Lee Zlotoff

Creator of MACGYVER

Lee Zlotoff has changed more lives than we think. Not many pioneers in the entertainment industry create massively influential work on top of a ‘mind-hack’ technique anyone can use to solve their problems with nothing more than a pen and a piece of paper– but Lee has done both. From creating the hit show MacGyver, to winning many accolades including the prestigious Audience Award at the Sundance Film Festival, Lee has made an immeasurable impact. 

Lee talked to me about everything from his views about what humility really is, to his three rules for success, to how he views aging and keeping his relentless spirit going!

Colt: MacGyver is such a cultural force and has been so influential over the years – it shows up in the media all the time.  How does that make you feel? 

Lee: Yeah, it shows up a lot, especially with the recent pandemic.  But to me now it’s like, if you have a child, and the child goes out and does something great – you’re proud of them, but they did it, I didn’t. So even though I kinda gave birth to it, it’s not really about me, you know? 

Colt: I love that. I wanted to ask you about conceiving of MacGyver as having certain core values – can you talk about that?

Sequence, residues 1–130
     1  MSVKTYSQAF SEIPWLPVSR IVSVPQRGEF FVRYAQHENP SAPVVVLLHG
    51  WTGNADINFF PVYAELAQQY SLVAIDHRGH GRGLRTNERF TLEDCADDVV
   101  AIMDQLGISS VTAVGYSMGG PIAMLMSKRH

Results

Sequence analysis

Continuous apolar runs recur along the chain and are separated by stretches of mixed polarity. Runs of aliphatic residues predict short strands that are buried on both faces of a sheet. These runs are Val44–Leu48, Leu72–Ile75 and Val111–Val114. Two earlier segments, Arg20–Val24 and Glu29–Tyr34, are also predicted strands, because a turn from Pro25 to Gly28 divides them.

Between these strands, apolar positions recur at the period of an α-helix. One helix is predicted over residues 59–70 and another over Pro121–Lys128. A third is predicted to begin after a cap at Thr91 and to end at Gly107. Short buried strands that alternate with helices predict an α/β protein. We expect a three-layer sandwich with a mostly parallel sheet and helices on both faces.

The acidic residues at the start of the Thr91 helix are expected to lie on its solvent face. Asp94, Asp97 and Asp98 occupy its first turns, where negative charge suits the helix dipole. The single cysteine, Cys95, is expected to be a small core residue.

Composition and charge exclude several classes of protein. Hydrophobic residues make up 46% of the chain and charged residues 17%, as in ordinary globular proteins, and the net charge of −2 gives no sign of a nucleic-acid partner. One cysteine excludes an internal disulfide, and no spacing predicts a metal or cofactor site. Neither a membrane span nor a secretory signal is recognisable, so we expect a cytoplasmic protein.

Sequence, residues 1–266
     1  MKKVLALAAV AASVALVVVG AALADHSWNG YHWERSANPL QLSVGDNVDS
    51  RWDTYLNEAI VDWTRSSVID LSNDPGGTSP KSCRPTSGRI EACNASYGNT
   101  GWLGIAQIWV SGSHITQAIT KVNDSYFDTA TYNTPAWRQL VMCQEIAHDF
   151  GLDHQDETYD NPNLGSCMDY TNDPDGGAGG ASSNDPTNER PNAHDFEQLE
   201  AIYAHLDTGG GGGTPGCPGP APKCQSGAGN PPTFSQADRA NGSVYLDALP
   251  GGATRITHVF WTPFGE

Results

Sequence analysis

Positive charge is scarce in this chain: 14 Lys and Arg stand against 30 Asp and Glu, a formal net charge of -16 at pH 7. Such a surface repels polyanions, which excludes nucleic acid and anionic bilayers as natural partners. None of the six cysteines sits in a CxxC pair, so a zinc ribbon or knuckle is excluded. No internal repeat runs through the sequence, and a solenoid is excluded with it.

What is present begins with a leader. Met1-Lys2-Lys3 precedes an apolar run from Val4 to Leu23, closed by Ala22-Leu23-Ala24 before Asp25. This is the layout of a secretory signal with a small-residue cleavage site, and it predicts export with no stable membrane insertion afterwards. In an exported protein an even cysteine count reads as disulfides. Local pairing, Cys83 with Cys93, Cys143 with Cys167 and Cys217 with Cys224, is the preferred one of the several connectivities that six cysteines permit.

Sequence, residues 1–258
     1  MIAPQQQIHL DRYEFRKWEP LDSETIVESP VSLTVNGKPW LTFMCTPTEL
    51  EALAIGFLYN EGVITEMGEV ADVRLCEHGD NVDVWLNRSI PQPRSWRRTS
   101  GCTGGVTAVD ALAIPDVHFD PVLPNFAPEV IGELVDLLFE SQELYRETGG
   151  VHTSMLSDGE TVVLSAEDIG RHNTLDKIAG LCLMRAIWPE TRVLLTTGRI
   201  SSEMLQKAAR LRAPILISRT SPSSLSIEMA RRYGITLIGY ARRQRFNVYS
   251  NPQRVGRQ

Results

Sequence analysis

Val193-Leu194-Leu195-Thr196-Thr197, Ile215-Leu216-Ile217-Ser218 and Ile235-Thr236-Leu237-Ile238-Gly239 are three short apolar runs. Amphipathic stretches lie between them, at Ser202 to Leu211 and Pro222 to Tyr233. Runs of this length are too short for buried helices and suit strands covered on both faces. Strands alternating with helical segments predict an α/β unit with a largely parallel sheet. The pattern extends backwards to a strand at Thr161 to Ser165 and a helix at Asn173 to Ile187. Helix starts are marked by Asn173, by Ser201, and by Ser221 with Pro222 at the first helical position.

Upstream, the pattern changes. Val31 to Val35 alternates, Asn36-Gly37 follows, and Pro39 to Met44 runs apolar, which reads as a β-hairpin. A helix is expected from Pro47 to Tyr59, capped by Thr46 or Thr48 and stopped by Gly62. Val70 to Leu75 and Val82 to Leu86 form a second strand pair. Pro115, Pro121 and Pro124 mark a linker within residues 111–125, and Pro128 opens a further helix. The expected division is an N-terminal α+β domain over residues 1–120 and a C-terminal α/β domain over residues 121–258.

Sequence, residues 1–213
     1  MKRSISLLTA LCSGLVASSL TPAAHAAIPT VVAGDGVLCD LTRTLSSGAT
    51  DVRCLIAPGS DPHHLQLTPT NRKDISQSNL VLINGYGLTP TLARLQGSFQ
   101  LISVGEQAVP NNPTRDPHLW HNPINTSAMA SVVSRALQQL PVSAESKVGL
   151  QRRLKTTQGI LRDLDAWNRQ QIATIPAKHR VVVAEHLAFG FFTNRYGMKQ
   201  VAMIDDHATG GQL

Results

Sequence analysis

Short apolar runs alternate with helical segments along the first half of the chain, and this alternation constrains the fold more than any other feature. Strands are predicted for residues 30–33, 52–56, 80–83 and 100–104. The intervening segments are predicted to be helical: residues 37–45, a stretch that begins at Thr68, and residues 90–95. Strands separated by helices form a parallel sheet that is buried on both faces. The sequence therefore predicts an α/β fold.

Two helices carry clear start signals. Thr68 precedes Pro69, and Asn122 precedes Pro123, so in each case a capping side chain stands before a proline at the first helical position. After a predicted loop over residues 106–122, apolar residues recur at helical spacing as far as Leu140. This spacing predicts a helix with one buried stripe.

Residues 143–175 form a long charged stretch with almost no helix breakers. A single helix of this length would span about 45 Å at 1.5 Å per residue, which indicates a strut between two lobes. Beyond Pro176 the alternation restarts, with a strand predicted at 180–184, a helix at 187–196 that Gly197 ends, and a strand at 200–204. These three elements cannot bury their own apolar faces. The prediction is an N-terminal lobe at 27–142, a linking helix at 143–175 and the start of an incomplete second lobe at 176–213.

Lee: Yes, one of them was to avoid conflict – as far as I know he’s one of the few action- adventure heroes that didn’t use a gun. You don’t see that too often, I think. Another was to be resourceful - turn what you have into what you need. The skill to do that is really important; as individuals, communities, and countries we have to figure out (now especially) how we can turn what we have into what we need. And last was to maintain a sense of humor humility – an open and laughing mind is much more likely to come up with a good solution to a problem than a frightened or angry mind, don’t you think? 

Colt: I’ve tried to make it a habit to get in a good mental space before making decisions. 

Lee: Our decisions may seem rational to us, but the truth is most decisions are emotional ones that we then just rationalize. 

Colt: And what is humility to you? 

Lee: Well… For example - there are a lot of competition shows on television, whether they’re cooking, fashion, or physical competitions, they introduce the players and it’s like “I’m tough, I’m not taking prisoners.” It’s all about ‘me’.  Instead of “I’m going to do my best and the judges will decide.” That’s humility.  Clearly, I’m an individual and I have an ego like everyone else. But in any situation, I try to start with ‘what can I give to this?’ instead of ‘what’s in it for me?’ And I’ve found that when I try to end up serving the situation, more often than not, it ends up serving me as well. So, it’s about starting with what you can give, not what you can take. 

Colt: Can you talk a bit about the “MacGyver secret”?